Lagos State: Pseudo-Mega City

“In 35 years, 50 percent of our population will live in our cities. Most other countries will be in a similar situation. We need to start preparing now to ensure everyone has the opportunity to live meaningful lives, and our cities are places that will allow that to happen.”― Sir Fazle Hasan Abed

Whenever I hear the words “Lagos is a mega-city” I am mostly angered at the lie been uttered, you may wonder what about the words exactly anger me but the truth is that there was no time when Lagos was a “Mega-city”. What is most interesting is that the “Centre of Excellence” has been governed by very great “Plumbers” and I simply call them plumbers because they have been able to systematically and effectively cover up the amount of dysfunction been flooded into the state. Firstly, let us understand what Lagos State represents. Although the state has the smallest landmass of the whole 36 states in Nigeria, it is the economic capital of Nigeria and it comfortably boasts of having the fifth largest economy in Africa, and it’s also the most populous city in Nigeria, with a favourably geographical and economic location bordered by the Atlantic Ocean where 22% of its total landmass being wetlands (an area of land where water meets land i.e. lagoons and creeks) let me briefly add that Lagos state is also the entertainment hub of Africa. Although the name “Lagos” originated from the Portuguese, with its initial name “Eko” originating from its first settlers the “Aworis” who historically have their origins from “Ile-Ife”. Lagos served as Nigeria’s capital city until December 1991 when the capital was moved to Abuja a city in central Nigeria, but Lagos still never lost its autonomy in Nigeria. As at 2015, the population of Lagos state was reportedly estimated at 16 million. The capital of Lagos is Ikeja while Agege and Mushin represent the metropolitan area of the state, although Lagos may be divided into two major areas, the island (Lagos island or Isale Eko, Lekki, Victoria Island, Ajah, Ikoyi, Eko Atlantic) and the mainland (Surulere, Yaba, Ikeja, Ojo) other major cities include Ikorodu, Badagry and Epe. So, I think with this brief rundown of Lagos it is fair to say Lagos is a country within a country.

But then you may begin to wonder why such a state isn’t developing with the amount of human and financial resources being ejected into the state, my answer would simply be that the state administrators from previous decades to recent times live in a state of constant self-denial, they simply imitate progression with regression because they simply failed to plan as the population increased exponentially. There are several reasons why Lagos state isn’t a mega-city.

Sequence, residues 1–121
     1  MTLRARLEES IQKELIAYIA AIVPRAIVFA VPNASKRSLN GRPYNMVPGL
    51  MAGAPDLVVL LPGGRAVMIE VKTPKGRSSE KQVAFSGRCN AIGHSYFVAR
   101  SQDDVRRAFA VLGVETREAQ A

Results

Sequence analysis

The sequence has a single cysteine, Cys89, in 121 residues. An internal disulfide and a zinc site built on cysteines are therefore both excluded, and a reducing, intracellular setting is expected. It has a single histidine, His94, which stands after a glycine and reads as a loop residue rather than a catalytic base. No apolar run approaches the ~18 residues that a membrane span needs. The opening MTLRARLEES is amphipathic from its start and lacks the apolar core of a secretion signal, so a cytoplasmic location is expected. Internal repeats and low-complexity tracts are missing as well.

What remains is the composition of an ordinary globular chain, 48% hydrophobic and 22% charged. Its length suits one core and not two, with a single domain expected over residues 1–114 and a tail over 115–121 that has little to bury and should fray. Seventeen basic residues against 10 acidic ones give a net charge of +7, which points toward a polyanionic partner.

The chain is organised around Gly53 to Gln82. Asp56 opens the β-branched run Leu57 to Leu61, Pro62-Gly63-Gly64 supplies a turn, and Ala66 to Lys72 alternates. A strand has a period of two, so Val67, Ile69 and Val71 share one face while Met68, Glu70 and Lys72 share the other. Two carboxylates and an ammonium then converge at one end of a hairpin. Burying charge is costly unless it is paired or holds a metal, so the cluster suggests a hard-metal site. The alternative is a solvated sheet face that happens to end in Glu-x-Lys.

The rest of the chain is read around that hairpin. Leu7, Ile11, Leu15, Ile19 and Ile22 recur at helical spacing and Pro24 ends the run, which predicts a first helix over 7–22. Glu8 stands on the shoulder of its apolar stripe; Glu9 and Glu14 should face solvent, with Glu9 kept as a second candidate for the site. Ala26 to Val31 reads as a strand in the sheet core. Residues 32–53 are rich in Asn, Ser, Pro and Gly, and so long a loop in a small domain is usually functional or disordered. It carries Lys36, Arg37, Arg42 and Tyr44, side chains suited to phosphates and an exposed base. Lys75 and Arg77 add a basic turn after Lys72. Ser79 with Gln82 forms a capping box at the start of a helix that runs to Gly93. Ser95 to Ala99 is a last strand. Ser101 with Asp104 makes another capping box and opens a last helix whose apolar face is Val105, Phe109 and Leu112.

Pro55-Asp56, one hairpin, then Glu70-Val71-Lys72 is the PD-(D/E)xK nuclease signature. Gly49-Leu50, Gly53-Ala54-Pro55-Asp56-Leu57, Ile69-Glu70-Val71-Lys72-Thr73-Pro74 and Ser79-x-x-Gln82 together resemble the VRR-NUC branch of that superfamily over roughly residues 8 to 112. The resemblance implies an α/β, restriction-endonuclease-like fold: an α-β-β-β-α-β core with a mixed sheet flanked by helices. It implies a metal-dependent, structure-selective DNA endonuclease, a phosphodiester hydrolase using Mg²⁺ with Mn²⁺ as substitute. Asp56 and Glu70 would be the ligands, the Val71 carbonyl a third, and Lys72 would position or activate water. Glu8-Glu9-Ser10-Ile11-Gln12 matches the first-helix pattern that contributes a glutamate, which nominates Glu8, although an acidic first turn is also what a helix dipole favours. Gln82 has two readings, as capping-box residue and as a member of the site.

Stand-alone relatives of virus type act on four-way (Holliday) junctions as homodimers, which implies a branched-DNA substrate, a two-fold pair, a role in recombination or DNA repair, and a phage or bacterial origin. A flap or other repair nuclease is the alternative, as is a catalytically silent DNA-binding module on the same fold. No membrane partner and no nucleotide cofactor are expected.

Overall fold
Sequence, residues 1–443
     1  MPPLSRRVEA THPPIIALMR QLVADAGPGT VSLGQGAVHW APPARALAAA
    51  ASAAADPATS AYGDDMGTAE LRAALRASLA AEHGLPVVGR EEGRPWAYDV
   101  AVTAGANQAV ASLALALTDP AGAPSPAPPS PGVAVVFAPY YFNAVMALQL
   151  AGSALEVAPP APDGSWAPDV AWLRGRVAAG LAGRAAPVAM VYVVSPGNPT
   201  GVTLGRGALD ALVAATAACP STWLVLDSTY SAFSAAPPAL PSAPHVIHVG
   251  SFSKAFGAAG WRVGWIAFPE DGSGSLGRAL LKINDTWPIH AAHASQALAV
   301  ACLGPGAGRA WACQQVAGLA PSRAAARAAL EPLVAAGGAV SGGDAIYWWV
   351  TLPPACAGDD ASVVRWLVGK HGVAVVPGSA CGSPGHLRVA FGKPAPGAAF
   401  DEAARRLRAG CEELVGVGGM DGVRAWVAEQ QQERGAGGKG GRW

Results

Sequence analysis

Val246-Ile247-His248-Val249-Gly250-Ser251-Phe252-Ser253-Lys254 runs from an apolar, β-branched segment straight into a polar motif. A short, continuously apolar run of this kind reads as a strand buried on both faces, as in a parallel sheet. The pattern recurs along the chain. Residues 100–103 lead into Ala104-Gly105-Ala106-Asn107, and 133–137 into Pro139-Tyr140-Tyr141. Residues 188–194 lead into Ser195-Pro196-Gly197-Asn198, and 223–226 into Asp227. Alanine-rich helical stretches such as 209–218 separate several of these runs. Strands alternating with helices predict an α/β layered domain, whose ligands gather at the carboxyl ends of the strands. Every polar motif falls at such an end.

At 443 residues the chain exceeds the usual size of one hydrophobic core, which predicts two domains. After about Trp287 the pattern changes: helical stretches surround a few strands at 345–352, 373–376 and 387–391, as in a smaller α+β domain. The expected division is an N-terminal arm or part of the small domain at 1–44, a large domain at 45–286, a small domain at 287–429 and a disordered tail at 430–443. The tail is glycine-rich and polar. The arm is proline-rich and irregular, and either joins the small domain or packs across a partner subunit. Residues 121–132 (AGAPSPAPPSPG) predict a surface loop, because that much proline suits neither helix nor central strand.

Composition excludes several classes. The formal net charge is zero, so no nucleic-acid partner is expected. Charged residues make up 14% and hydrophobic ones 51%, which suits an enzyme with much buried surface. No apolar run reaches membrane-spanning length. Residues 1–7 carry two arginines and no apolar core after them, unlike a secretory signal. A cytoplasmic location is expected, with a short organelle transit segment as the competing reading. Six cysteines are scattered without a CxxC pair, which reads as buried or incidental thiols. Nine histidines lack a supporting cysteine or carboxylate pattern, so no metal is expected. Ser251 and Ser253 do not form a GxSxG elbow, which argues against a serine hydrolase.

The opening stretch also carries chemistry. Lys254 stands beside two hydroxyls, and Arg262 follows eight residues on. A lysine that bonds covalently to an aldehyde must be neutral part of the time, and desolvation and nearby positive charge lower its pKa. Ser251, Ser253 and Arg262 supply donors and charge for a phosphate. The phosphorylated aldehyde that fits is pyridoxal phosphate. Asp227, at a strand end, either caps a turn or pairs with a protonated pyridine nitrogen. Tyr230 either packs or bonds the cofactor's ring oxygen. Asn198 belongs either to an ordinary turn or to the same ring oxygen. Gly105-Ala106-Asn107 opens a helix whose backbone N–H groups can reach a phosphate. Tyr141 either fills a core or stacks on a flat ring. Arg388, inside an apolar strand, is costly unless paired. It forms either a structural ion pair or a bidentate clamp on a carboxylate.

Firstly, for a state as great as Lagos it is a misfortune that there isn’t an effective transportation system or network, with constant gridlocks caused majorly by population explosion and bad roads. Lagos is famous for its traffic that it can be likened as the “Go-slow” capital of Africa and Nigeria, leaving most of its residents in a constant state of stress and sleep deprivation an average Lagosian (A person who resides in Lagos) spends most of their time in traffic than in their actual residences, this doesn’t just affect their health alone, it also impacts their private relationships and finances. Several families who live in Lagos spend a lot of time away from one another and families because of this transportation issues, and then transportation in Lagos is expensive and uncomfortable, several residents spend more than half of their monthly income on transportation and although the state government providing solutions to create other alternatives have so far proved futile, moving from one place to the another in Lagos is painstakingly difficult, but most developed cities likewise face such issues but in my honest opinion I feel more work should be done, and there is also a case of “Agebros” (thugs) also have a monopoly on the transport system, the first step in providing a sustainable solution is to remove the grip these elements have on the state with their most common insignia being the “Danfo” (Yellow) buses. And also the state of some bad roads, contribute to the traffic problems and even impair’s movement, it would be great the state government pays much attention to road construction and maintenance to ease transportation around the state and also trucks as well as containers, logistics trucks or gas tanker trucks which prove to be one of the most notorious culprits indicted in transportation issues in the state, causing accidents/loss of life and in most cases causing hours of gridlock along major highway across the state. Even with the number of traffic officers which can be found across the state, this problem is still a persistent issue. I think other transportation means should be exploited effectively such as water-ways which is still very unpopular because most of the residents don’t trust it in terms of safety, also trains can be utilised adequately. In conclusion, it is difficult to move around Lagos, thus making the state’s claim of being a mega-city laughable, unless an effective solution is deployed soon enough, I don’t think the “Mega-city” claim should be attributed to the state.